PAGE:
Make it ugly: creating a compelling case for change

Shine a bright light on what is really going onExposing problems gets attention.  And what gets attention gets resolved.

Yet this is a difficult practice to implement in the workplace. To start, what is our natural reaction when we discover a problem?

  • Maybe it will go away by itself?
  • Uh oh … this is embarrassing.
  • If I report this, people will think that I am not working hard enough.

In a class by itself is a well-known reaction of some dashboard managers. They will slave away all day in Excel, and then expect that the numbers will magically change and the problem will go away by changing the report formatting.

Face it, change is pain, particularly in manufacturing. The tendency to bury the bad news is near-universal.

How do you overcome that pain barrier?

Muster the collective energy to hurdle it.

I’ve found that one of the best ways of mustering that energy is to somehow make the problem ugly. For most of us, out of sight means out of mind. Once you bring the problem into sight, you’re halfway to mustering the collective energy to solve it. My motto for bringing ignored or hidden problems to light is: make it ugly.

There are a number of ways to make a problem ugly. Basically, your goal is to turn a mushy, vague, or in-denial statement into a sharply defined problem with a clear and memorable cost.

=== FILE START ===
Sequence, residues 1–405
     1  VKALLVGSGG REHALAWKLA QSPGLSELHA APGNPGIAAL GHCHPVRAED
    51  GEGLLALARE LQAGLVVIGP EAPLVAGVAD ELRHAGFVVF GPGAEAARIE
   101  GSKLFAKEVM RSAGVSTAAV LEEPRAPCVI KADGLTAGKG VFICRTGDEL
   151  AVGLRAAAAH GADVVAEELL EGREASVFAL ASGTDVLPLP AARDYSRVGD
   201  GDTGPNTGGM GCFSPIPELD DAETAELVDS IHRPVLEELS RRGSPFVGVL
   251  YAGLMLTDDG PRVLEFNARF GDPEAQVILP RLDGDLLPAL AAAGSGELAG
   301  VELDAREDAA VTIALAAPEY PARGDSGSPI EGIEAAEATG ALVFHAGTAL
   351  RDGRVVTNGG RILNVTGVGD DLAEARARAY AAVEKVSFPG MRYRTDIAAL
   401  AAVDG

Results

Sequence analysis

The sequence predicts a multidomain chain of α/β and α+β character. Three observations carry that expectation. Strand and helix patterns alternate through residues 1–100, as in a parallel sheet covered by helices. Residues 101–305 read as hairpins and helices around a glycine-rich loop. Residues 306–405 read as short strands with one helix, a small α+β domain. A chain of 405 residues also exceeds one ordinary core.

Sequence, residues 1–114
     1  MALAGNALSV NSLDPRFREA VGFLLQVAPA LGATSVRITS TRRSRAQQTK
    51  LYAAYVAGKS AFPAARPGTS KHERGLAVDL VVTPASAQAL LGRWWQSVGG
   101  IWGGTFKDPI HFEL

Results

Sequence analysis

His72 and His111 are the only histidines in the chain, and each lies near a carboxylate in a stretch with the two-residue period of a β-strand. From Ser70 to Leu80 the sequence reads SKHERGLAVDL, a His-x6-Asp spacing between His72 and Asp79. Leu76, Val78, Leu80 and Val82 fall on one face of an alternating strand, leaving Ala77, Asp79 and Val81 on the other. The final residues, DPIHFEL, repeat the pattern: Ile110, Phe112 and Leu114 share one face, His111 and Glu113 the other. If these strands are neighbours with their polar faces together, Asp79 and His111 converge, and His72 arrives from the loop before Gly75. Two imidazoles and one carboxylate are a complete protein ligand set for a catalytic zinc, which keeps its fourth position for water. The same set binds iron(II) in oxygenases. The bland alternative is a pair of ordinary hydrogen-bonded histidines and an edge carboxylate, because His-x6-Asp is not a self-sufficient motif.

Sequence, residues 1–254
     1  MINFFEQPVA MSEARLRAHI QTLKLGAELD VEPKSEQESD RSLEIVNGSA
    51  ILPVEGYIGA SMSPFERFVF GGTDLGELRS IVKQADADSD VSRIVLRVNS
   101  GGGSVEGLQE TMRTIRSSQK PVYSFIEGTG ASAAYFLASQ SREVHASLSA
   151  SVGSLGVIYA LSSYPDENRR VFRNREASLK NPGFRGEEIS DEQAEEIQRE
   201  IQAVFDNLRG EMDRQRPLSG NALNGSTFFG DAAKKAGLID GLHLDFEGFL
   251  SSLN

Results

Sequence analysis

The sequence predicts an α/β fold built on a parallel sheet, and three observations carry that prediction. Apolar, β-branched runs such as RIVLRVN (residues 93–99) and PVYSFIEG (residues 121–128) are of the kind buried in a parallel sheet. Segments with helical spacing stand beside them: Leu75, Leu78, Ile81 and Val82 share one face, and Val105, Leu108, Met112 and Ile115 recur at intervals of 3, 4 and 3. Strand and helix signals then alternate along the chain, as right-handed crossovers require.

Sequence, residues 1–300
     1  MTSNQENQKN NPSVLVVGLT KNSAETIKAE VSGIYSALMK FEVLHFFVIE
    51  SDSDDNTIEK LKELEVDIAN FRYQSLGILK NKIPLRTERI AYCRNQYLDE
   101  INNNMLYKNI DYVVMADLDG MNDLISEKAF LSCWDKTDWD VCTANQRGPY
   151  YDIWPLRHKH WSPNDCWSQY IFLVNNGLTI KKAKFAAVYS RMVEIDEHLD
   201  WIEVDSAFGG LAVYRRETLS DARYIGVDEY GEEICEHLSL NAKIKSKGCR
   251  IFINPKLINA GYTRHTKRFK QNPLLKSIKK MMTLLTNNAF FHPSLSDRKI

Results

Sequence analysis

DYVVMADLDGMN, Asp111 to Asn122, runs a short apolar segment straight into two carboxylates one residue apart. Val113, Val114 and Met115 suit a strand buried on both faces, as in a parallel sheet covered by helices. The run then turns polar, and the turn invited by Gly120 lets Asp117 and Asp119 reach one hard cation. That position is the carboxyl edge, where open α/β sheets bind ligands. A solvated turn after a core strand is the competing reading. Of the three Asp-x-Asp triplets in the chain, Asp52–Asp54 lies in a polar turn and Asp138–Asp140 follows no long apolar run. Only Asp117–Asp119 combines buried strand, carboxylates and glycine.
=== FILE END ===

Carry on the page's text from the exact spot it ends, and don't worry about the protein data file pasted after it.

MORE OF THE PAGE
For any given problem, try using one or more of:

  • Put a number on it.
  • Shine a bright light on what is really going on.
  • Use visual imagery.
  • Use humour.
  • Use a comparison to make the cost clear, rather than vague or undefined.

Let’s look at some examples:

Mushy: We have some challenges with controlling our block weight on the packaging lines.

Make it ugly: We’re giving away 4% to our customers … maybe we can register as a charity!

Vague:  Our changeover times are not optimal.

Make it ugly: We must have too much capital expenditure money.  Because if we could just reach industry-standard changeover times, we wouldn’t even need that extra production line!

In-denial:  We ship only high quality food.

Make it ugly: We must love pigs.  We produce so much food waste, we keep all the local swine well-fed.

Is summary, make the cost of doing nothing visible and unavoidable.  Put the problem in everybody’s face.  At times, this may make you unpopular. You can mitigate this by using crisp, objective, inclusive statements (“We’re giving away 4%” versus “You’re wasting too much”), and also, of course, by being a part of the solution.

The fact is – ugly is just reality. Shine a clear sharp light on the ugly, and you’ll be doing your organization a favour.